With it's legions of blank-eyed, shuffling undead unpeople, Cell quickly reveals itself as a zombie horror story, in the style of George Romero, one of King's favorite auteurs. And like Romero, King uses the iconic figure of the zombie for satircal as well as scarifying purposes. When the phone crazies, as they are quickly dubbed, begin to exhibit flocking behaviour, and march in jerky lockstep to nearest mega mall to strip it clean of rapidly decaying foodstuffs, they recall scenes from Romero's Dawn of Dead, which was as much a commentary on American materialism as it was a low budget splatterfest.

As usual, King's story is loaded with references to the world of real things – a phrase of which he is very fond – and while some of these merely provide verisimilutde, others point to a deeper intent on the writer's part. The opening scenes are purposely drawn in the shadow of 9/11, and Al Qaeda's mass casualty attack haunts both the action and the thoughts of the main characters throughout. King is also The King however, and a world full of flesh eating zombies isn't nearly
interesting enough to keep him at the keyboard. He amps up the story wattage with a developing subplot about the victims of the Pulse beginning to act as a single organism with weirdly otherworldly Stephen Kingly-type super powers.

It might all sound like a load of old cods, but all of his books would, when viewed in blurb form. King pulls them off because he has that rare facility of making you believe it could happen. I challenge anyone to read this book and feel comfortable making a phone call right afterwards. Indeed, like all true art, the Cell lingers in your mind, having its greatest effect when the immediate experience of the work is over. It's like a depth charge, sinking deeper and deeper into your subconcious and detonating days afterwards in the form of some
very unpleasant dreams.

It can and will be read on different levels. As simple freak show carnography. As a satire on commercial culture. A homage to Romero. Even as a reflection on the war in Iraq. (One character makes this link explicit). For me though, it marks a stunning return to form of the heaviest hitter in the world of the airport novel. If you don't mind being pursued through your dreams by a ravening host of zombies, this one is for you.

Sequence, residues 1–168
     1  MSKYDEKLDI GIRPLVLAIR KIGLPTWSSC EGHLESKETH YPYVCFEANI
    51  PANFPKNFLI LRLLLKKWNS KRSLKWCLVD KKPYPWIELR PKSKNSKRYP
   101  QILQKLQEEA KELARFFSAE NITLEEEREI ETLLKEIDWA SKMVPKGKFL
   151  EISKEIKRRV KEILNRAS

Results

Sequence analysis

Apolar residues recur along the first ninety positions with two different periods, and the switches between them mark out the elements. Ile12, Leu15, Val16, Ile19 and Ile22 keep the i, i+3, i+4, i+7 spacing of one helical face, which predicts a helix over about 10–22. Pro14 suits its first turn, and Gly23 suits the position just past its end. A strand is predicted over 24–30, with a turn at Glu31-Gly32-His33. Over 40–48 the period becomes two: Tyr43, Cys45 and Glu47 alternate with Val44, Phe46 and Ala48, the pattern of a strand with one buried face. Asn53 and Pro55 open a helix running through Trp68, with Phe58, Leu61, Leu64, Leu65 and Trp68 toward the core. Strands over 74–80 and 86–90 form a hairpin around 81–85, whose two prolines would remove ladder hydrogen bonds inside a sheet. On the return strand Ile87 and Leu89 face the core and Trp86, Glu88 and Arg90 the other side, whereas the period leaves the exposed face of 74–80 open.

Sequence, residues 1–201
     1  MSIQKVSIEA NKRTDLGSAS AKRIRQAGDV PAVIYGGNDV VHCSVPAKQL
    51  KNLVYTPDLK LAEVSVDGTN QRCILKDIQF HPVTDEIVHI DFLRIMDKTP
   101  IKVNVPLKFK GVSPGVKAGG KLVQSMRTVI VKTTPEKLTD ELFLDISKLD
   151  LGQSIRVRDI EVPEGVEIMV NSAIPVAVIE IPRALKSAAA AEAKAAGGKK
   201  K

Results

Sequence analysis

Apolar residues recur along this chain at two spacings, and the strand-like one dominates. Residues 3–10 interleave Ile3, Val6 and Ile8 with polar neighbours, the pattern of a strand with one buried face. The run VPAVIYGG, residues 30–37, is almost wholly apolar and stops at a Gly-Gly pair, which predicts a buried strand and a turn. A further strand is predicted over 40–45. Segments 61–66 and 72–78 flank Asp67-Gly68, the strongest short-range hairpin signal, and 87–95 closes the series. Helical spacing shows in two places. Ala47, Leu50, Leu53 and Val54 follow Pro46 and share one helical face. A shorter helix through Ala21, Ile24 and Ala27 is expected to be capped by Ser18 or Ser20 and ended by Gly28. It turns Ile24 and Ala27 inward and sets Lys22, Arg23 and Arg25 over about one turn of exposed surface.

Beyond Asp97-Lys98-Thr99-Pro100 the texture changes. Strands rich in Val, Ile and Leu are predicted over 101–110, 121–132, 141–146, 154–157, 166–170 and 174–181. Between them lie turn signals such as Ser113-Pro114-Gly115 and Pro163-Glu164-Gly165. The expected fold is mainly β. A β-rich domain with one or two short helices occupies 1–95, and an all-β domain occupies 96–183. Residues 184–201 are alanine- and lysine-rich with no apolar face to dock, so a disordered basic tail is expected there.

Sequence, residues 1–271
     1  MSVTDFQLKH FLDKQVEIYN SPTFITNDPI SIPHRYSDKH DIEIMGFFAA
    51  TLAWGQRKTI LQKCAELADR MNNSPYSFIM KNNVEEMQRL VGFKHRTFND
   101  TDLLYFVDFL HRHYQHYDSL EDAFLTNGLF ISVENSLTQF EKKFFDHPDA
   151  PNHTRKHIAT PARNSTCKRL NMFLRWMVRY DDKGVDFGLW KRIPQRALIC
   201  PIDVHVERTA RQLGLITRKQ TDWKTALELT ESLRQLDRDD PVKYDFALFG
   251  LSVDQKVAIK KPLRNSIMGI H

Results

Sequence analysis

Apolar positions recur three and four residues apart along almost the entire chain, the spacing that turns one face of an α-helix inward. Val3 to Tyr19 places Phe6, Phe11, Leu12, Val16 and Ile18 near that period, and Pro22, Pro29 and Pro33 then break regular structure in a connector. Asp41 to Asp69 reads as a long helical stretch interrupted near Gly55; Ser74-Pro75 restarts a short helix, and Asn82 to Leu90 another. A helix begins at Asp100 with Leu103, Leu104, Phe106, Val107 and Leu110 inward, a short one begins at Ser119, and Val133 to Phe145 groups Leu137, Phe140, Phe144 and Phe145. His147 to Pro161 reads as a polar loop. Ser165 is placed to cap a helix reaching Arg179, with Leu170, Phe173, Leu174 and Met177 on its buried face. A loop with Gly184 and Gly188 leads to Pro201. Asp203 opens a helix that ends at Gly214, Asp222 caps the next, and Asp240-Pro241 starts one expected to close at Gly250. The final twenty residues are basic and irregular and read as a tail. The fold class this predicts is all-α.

13 Responses to ‘From the archives: Cell’

Barnesm is gonna tell you...

Posted June 12, 2013

Thank Darwin, I thought this was that awful serial killer movie starring Ms Lopez as child psychiatrist Catherine Deane who can enter the dreams of her patients.

Will check it out, $13.76 for the kindle. Personally I think I should only pay $9.99 that means I can steal it doesn't it?

This Stephen King fella is he any good?

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Barnesm ducks in to say...

Posted June 12, 2013

"At 3.03pm, US Eastern Standard Time, some sort of Pulse runs through every mobile phone in the world. Anyone using their natty little Erricson at that time goes violently insane" I wonder if this was sparked by the series one finale of Dollhouse which mentioned similar idea, and why they wanted to head to the bunker.

You had me 'zombie horror story'.

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Barnesm reckons...

Posted June 12, 2013

so July Cheesebuger bookclub chosen I take it?

John Birmingham mumbles...

Posted June 12, 2013

You'd have to lobby hard.

Jackie would have you know...

Posted June 12, 2013

Got my vote and I just purchased it the other day to read so I'm good to go :) #julybookclub :)

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Rob puts forth...

Posted June 12, 2013

Hopefully it will be faithfull to tthe book. I read a review of world war z and I'm already disapointed. So I will wait for that to be released on DVD to watch that particular puppy. The book has a really a really good well plotted story that goes from point a to point b, with dollops of Stephen King meloncoly thrown in. The creepy moments of the hives of zombies all listening to the same tune in the car parks as the characters sneak past was amazingly inventive. Stephen King has always had his eye on movies and their push through make sense logic. I even enjoyed Maximum Overdrive which King didn't like, but as a trashy B film it was brilliant.

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John Birmingham mumbles...

Posted June 12, 2013
Dollops of melancholy you say? I'd have thought oceans of it.
I wonder if they'll change the ending?

Rob asserts...

Posted June 12, 2013

ending?....Must read it again....get me to my bookshelves pronto.

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Analog Penetration mutters...

Posted June 12, 2013

It is a great read. I liked his reference to "robo-80's radio stations" that are all called some guy's name like Mike or Bob. We don't have that here in Oz, but I was working in radio in Canada when I read this, and that is part of the landscape there (my town had a Jack FM).

And Moby was hurt/flattered by being bagged in one scene too.

Hope the movie lives up to the book. Although they seldom do, especially with King.

John Birmingham would have you know...

Posted June 12, 2013

Oh, man, I vaguely recall that Moby thing, but can't quite bring into sharp focus. I might have to revisit the book after all.